"Ash dieback is now one more of a whole range of pests and diseases already present in the UK, all of which pose a threat to our native woods and trees," she said.
"All of our native trees are important for biodiversity, for providing habitats for our native wildlife - some species unique to particular types of tree - and for the health and wellbeing of our nation."
She told BBC News: "Another source of concern is that landowners worried about tree disease may perceive the risk of planting trees too great, actually leading to a reduction in tree planting and a decline in the UK's woodland overall.
"Given that the UK is already one of the least wooded countries in Europe, and what we know about the public's love of woodland and all the health and economic benefits associated with it, this would be a catastrophe for all concerned."
- Phytophthora ramorum - fungal pathogen that infects the commercially important conifer species, Japanese larch
- Acute oak decline (AOD) - An aggressive bacterial disease that can kill an infected tree in just four or five years
- Great spruce bark beetle - breeds under the bark, weakening the infected tree and in extreme cases, can kill the tree
- Chalara dieback of ash - "a serious disease of ash trees", caused by a fungus called Chalara fraxinea, and can kill an infected tree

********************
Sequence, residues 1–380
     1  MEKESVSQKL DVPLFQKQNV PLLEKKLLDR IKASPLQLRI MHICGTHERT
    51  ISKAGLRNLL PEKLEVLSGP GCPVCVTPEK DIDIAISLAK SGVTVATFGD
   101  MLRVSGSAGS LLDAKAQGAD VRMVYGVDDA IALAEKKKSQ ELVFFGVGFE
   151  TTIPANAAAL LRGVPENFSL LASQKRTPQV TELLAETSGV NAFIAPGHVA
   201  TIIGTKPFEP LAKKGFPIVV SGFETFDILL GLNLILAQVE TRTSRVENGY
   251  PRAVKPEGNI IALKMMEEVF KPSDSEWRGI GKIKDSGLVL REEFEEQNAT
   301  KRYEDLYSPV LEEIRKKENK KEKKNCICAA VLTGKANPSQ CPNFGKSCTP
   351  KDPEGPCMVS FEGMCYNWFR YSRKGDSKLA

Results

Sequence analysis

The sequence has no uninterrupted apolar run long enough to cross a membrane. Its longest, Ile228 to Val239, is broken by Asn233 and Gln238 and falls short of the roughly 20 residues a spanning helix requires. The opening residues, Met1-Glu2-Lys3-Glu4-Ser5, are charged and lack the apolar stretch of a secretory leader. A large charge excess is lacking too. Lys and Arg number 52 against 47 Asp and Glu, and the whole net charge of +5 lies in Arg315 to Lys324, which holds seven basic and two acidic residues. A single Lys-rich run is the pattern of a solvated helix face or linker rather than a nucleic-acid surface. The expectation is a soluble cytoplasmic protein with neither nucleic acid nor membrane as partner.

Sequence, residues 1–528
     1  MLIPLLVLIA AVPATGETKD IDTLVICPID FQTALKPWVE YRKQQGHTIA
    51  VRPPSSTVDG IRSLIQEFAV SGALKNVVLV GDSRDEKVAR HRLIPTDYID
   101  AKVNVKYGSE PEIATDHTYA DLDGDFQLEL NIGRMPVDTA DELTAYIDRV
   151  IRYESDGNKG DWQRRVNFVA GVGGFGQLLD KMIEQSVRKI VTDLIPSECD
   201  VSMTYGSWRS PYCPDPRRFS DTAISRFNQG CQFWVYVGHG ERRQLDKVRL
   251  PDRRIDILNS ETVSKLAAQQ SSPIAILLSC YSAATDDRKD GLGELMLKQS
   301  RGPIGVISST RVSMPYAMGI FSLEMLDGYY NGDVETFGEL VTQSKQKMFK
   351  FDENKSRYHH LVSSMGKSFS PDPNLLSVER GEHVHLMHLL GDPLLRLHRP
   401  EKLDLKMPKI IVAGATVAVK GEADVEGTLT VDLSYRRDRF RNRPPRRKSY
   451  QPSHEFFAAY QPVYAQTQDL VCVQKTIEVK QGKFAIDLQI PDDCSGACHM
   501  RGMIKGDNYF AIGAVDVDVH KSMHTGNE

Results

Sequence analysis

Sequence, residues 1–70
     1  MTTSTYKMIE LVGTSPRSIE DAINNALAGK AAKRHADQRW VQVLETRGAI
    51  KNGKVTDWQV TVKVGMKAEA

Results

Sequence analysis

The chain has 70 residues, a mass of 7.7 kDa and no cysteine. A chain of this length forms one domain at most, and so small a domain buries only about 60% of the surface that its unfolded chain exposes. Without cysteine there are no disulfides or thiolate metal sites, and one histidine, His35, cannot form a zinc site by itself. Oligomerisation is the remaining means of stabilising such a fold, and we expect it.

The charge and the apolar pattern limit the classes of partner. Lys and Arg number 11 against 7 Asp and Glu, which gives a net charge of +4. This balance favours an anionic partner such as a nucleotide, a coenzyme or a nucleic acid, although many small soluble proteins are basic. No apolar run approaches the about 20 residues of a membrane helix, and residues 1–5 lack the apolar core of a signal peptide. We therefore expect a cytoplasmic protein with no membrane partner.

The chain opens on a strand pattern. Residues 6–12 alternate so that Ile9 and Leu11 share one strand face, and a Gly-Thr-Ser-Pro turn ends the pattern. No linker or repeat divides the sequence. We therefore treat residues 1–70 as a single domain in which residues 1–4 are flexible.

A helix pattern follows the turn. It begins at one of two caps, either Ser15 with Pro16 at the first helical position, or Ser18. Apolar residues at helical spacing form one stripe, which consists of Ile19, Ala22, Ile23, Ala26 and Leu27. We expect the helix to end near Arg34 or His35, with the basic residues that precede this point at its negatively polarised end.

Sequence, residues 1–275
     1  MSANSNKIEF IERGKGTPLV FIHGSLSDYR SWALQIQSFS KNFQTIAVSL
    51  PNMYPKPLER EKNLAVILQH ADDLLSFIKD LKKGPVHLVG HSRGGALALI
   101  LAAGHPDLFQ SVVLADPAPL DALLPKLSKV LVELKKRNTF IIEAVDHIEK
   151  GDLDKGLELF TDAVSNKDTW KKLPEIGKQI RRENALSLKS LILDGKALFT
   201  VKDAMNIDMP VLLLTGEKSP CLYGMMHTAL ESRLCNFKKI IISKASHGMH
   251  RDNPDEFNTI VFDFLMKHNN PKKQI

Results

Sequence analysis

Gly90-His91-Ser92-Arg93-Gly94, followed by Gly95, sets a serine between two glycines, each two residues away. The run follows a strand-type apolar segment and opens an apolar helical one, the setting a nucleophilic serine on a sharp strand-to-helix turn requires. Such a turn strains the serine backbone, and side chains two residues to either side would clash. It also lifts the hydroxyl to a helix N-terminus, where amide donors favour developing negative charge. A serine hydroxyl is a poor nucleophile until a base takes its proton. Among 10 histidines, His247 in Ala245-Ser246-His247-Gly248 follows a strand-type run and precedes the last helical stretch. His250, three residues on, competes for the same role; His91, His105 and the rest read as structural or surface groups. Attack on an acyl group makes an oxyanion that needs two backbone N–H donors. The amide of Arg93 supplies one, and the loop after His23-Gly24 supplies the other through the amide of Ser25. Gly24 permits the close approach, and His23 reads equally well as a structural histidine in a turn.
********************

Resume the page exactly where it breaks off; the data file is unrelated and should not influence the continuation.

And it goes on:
- Horse chestnut bleeding canker - appears as an area of dying bark that oozes liquid. If it spreads around the entire trunk, it cuts off the food supply, killing the tree
|October 31, Morristown, NJ JCP&L|
The following pictures I took on November 8, starting on Lake Road in Far Hills, and continuing up to the Bernardsville Mountain, which is still without power.
The very first place I stopped had a huge tree down on the fence, but before I walked back to it, this young tree presented very typical splitting bark. So all those foresters that claim trees are dying because they are old, please stop it.
Somebody had already been cutting and stacking the smaller branches.
This pile should demonstrate beyond any doubt that those dark circles in the center are the beginning of interior rot, which progresses until the tree is hollow.
Another young tree that is losing bark (which is putting it charitably).